Summer 2018 - HIST 427 D100

Problems in the History of Aboriginal Peoples (4)

Indigenize/Decolonize Hist

Class Number: 7381

Delivery Method: In Person


  • Course Times + Location:

    May 7 – Aug 3, 2018: Tue, 1:30–5:20 p.m.

  • Instructor:

    Jennifer Spear
    1 778 782-8435
    Office: AQ #6018
  • Prerequisites:

    45 units including nine units of lower division history.



Examination of selected themes in the history of Aboriginal peoples. Content may vary from offering to offering; see course outline for further information. HIST 427 may be repeated for credit only when a different topic is taught.


Decolonizing Indigenous Histories of North America

In 2008, the Truth and Reconciliation Commission of Canada (TRC) was established to investigate the historical abuses and ongoing legacies inflicted upon indigenous peoples in Canada. Seven years later, the TRC issued its 94 Calls to Action to address the legacy of these abuses, many of which require institutions of higher education to decolonize their curriculum and integrate indigenous content, knowledge, and ways of knowing.

This reading seminar will introduce students to the study, writing, and methodology of histories of indigenous North America, focusing primarily on the period from the seventeenth through the early nineteenth century. We will ask what does it mean to Indigenize/decolonize the practice and writing of history? What methodologies should they utilize? What can an Indigenized/decolonized history look like?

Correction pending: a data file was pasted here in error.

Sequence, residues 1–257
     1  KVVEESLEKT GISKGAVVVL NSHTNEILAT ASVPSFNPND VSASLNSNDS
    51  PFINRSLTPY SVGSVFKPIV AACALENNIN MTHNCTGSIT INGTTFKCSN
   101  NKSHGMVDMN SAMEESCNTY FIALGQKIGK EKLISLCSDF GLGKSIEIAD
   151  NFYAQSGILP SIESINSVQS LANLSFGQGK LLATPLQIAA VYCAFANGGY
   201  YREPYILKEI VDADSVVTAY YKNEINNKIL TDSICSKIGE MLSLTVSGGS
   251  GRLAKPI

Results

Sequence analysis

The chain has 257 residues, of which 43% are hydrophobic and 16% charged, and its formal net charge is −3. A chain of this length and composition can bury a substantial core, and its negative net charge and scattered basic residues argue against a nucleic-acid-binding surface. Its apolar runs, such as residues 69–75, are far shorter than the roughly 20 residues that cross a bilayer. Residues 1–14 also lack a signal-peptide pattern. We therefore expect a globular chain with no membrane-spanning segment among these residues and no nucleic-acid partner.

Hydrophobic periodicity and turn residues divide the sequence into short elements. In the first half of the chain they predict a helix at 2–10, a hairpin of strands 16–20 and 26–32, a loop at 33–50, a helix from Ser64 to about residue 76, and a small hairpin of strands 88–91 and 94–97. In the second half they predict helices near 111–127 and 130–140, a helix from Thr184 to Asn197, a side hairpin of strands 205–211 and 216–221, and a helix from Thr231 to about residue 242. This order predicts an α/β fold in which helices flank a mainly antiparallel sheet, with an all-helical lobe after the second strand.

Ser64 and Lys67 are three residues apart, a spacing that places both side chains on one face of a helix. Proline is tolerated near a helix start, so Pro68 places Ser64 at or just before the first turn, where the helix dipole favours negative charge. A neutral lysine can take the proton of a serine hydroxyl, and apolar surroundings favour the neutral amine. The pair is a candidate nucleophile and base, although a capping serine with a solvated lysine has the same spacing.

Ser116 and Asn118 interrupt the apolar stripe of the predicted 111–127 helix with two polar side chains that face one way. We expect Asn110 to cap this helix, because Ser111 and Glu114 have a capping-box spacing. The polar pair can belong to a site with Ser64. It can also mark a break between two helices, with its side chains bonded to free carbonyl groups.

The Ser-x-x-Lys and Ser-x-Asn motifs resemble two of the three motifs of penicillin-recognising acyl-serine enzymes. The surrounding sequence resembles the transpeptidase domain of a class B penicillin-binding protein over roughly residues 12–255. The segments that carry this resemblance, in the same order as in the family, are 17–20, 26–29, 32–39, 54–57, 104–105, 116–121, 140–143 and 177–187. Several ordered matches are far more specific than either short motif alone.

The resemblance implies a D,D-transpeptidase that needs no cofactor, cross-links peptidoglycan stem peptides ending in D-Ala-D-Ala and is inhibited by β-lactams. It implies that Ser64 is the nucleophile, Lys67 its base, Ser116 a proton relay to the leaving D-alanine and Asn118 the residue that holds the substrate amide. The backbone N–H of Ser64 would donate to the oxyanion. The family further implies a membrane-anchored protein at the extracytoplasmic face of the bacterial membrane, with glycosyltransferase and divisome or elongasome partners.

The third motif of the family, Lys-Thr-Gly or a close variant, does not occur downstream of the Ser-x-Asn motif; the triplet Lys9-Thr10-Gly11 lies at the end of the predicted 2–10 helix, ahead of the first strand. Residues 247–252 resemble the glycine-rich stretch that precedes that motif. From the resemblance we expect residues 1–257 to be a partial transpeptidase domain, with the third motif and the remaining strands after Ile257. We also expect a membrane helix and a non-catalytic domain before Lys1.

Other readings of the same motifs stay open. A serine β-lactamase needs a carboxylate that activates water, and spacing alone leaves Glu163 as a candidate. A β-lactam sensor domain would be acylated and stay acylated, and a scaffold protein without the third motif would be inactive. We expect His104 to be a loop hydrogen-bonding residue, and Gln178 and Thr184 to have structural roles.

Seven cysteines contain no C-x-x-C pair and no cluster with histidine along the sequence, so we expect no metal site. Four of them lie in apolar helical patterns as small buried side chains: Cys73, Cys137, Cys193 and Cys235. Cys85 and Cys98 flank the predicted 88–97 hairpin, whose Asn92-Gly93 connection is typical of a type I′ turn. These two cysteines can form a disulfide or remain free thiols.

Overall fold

• Participation 25%
  • Portfolio (weekly reflections on the readings and other course materials) 50%
  • Critical review essay of two indigenous histories of your choice 20%
  • Presentation 5%
  • The assignments are geared towards helping you improve your skills in identifying and evaluating evidence and arguments in historical writing; interpreting primary documents; and writing argument-driven, evidence-based papers.



Thomas King, The Truth about Stories: A Native Narrative (2003)

Matthew Liebmann, Revolt: An Archaeological History of Pueblo Resistance and Revitalization in 17th Century New Mexico (2012)

N. Scott Momaday, The Way to Rainy Mountain (1969)

Jean M. O’Brien, Firsting and Lasting: Writing Indians out of Existence in New England (2010)

Joshua Piker, The Four Deaths of Acorn Whistler: Telling Stories in Colonial America (2013)

Michael Witgen, An Infinity of Nations: How the Native New World Shaped Early North America (2011)

Other required readings will be available via Canvas. You should expect to read about 200 pages per week, occasionally more, and must complete all assigned readings for each week before the class meeting.

Registrar Notes:

SFU’s Academic Integrity web site is filled with information on what is meant by academic dishonesty, where you can find resources to help with your studies and the consequences of cheating.  Check out the site for more information and videos that help explain the issues in plain English.

Each student is responsible for his or her conduct as it affects the University community.  Academic dishonesty, in whatever form, is ultimately destructive of the values of the University. Furthermore, it is unfair and discouraging to the majority of students who pursue their studies honestly. Scholarly integrity is required of all members of the University.